4. Be flexible!  For years I have been decorating our bedroom doors the night before Valentine’s Day, while everyone is asleep.  I hang one streamer for each year my child has celebrated Valentine’s day, and on our bedroom door, I hang one streamer for each year that my husband and I have been celebrating Valentine’s Day as a married couple (21 Valentine’s this year!).  I attach paper hearts and Valentine’s stickers to each of the streamers.  One streamer will have one heart, another will have two hearts/stickers, the next three, and so on.  This year, we have a wonderful Korean exchange student staying with us.  My plans were to decorate her door with the correct number of decorated streamers, too. 

However, after a busy day full of activities, by the time everyone was in bed, it was almost midnight.  While I had thoughtfully saved many of my streamers from the previous year, I realized it was going to take a bit of time to cut 17 ribbons and count & stick hearts and Valentine’s on each of them.  I decided I would share some of my daughters’ streamers and some of ours, too.  While it wasn’t what I had envisioned, the flexibility allowed me to go to bed much earlier than if I had stuck to my plan.   Another great way to be flexible is in the morning.  Even though home made heart pancakes and waffles are great, I would recommend using a heart shaped cookie cutter on store bought waffles when you’re in a hurry.

I hope these tips help you enjoy your Valentine’s Day and every other day of the year, too.  I would love to hear from you what tips you have to help you enjoy Valentine’s Day with your child(ren).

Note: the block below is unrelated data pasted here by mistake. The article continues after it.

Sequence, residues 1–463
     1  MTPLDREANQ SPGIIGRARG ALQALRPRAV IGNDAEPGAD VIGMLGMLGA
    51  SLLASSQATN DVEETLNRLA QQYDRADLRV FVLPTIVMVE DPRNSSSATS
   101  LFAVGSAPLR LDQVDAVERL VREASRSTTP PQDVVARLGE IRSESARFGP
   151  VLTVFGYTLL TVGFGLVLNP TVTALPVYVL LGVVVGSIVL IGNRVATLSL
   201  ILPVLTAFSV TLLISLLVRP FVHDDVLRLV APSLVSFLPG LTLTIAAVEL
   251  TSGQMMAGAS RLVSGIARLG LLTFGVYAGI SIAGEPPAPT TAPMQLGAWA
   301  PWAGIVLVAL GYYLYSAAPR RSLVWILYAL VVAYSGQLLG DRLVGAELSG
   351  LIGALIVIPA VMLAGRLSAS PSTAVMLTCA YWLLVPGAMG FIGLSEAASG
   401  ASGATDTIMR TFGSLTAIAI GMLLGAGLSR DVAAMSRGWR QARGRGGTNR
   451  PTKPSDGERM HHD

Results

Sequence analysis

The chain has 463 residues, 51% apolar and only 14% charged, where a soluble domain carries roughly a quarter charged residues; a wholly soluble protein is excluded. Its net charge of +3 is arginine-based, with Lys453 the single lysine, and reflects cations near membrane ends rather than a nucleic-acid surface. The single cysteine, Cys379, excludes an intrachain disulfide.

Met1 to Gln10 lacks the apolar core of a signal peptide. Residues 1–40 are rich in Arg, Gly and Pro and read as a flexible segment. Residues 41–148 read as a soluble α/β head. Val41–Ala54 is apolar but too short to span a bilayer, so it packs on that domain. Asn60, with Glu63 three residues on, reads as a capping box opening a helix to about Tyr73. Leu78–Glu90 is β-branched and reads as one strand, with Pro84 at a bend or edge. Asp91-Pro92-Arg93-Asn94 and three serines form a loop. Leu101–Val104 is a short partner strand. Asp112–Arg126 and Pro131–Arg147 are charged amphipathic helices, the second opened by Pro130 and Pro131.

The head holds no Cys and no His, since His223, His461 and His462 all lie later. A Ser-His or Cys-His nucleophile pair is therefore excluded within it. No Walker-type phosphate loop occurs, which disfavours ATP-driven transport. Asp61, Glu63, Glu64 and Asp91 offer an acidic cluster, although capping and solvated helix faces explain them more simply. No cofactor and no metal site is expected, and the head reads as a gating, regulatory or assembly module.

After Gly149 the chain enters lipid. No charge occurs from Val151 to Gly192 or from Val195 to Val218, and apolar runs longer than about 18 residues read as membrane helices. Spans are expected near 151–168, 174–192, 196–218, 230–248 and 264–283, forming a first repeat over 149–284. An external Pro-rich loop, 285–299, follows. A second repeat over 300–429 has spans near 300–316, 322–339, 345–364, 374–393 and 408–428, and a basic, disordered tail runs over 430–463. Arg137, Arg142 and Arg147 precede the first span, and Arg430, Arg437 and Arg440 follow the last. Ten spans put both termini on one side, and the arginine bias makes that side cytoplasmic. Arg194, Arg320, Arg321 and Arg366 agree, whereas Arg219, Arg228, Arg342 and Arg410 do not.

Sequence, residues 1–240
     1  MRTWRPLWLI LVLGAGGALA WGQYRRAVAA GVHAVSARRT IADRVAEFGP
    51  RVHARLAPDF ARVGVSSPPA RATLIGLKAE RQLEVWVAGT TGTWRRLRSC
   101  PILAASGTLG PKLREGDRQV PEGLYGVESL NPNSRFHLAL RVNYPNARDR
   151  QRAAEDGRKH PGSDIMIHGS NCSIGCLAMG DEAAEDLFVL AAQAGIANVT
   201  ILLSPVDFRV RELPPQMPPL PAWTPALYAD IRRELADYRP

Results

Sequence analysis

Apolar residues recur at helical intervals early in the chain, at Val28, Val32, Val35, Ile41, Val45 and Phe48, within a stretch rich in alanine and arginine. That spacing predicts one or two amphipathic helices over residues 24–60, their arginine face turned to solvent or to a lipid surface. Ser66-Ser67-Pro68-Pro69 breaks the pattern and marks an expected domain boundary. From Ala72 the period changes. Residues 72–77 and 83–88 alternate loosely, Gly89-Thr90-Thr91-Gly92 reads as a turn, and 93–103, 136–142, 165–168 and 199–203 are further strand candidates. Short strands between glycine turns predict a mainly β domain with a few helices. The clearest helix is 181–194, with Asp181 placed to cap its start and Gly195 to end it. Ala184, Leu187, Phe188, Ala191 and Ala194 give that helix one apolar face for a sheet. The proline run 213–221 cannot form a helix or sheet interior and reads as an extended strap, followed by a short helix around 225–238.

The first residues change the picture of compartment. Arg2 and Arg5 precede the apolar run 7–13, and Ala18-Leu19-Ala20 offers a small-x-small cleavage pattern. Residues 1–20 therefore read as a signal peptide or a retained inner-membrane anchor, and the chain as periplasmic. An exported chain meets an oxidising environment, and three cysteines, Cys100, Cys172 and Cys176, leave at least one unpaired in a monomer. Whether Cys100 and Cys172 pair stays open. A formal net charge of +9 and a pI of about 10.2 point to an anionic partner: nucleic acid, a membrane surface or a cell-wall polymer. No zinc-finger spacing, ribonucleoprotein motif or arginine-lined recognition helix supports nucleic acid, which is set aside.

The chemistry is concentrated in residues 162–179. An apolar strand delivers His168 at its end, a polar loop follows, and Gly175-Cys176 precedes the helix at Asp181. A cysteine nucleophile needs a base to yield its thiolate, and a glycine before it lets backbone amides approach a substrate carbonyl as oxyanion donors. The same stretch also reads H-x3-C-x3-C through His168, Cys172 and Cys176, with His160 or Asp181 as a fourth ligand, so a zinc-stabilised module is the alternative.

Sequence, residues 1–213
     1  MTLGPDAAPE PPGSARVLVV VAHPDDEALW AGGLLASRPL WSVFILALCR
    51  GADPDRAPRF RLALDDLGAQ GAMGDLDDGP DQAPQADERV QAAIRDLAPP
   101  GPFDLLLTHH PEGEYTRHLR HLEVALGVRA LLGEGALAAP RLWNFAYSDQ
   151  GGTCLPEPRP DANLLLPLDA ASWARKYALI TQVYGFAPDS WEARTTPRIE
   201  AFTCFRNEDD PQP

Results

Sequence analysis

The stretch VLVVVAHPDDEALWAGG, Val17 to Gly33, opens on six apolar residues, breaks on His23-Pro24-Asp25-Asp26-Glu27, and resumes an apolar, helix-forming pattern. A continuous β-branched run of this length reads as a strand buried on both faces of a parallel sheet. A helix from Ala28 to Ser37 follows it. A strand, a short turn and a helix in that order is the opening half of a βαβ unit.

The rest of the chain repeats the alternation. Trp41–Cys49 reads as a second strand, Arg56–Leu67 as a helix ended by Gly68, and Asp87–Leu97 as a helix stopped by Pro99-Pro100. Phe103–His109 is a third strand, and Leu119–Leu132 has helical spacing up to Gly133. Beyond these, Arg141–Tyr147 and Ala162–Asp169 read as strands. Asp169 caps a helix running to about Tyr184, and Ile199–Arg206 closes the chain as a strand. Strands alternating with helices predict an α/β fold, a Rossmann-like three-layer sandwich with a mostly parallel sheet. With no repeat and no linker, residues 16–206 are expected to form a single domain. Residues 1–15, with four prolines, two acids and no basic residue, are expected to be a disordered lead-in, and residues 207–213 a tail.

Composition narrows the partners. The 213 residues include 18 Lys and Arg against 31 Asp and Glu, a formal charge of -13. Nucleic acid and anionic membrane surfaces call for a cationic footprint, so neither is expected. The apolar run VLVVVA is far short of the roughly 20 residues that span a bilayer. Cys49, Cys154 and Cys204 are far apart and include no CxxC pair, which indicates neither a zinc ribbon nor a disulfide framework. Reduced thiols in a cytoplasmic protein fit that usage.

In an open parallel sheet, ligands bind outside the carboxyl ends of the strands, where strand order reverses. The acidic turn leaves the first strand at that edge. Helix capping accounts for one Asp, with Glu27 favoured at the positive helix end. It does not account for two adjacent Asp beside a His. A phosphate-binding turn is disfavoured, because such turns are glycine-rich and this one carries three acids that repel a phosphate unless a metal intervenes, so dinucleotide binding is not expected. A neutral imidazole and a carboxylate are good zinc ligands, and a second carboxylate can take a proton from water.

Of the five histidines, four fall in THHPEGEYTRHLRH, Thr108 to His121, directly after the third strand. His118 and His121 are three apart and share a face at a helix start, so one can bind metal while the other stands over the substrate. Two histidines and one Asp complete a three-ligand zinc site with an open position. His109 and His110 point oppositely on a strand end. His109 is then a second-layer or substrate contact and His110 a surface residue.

Don’t Forget to take advantage of my February Special:  One-on-One Coaching sessions are only $49

Click the picture for more information.

This is not just for new parents – if you have worked with me before, you can take advantage of this, too!


You’ve Got This!

Focus on the Positive

Part II

Last week I wrote about the self-fulfilling prophecy: “You will find what you are looking for.”  So why not look for the good?!  I invited you to take some time to really stop to notice all the things your child can do and some things about him that make you smile.

This week, I invite you to focus on your parenting through a positive lens. Being a parent is one of the hardest jobs in the world.  And I bet, that even though you might not always feel that way, you are doing a pretty good job at parenting.

Stop and think for a moment.  What is one thing that you are doing right as a parent?  Do your children know that they need to stay buckled in their car seats to be safe? Are your kids going to bed nicely at night?  Do they enjoy grocery shopping with you because you keep them engaged?

We are very hard on ourselves as parents.  It’s so easy to dwell on the mistakes and regrets.  It’s easy to freak out in the moment instead of looking at the bigger picture.  Sometimes we need to stop and think if this will actually matter a year, or even a month, from now.

As a parent, it’s also easy to assume that every other parent has their act together.  I used to giggle inside when people assumed that because I was so involved and organized outside my home that the inside of my home was just as organized and spotless.  To be honest, the organization part isn’t bad, but even the few years that I had a maid didn’t seem to keep my home spotless!  I was spending more time playing with my kids than washing baseboards so that made it OK for me.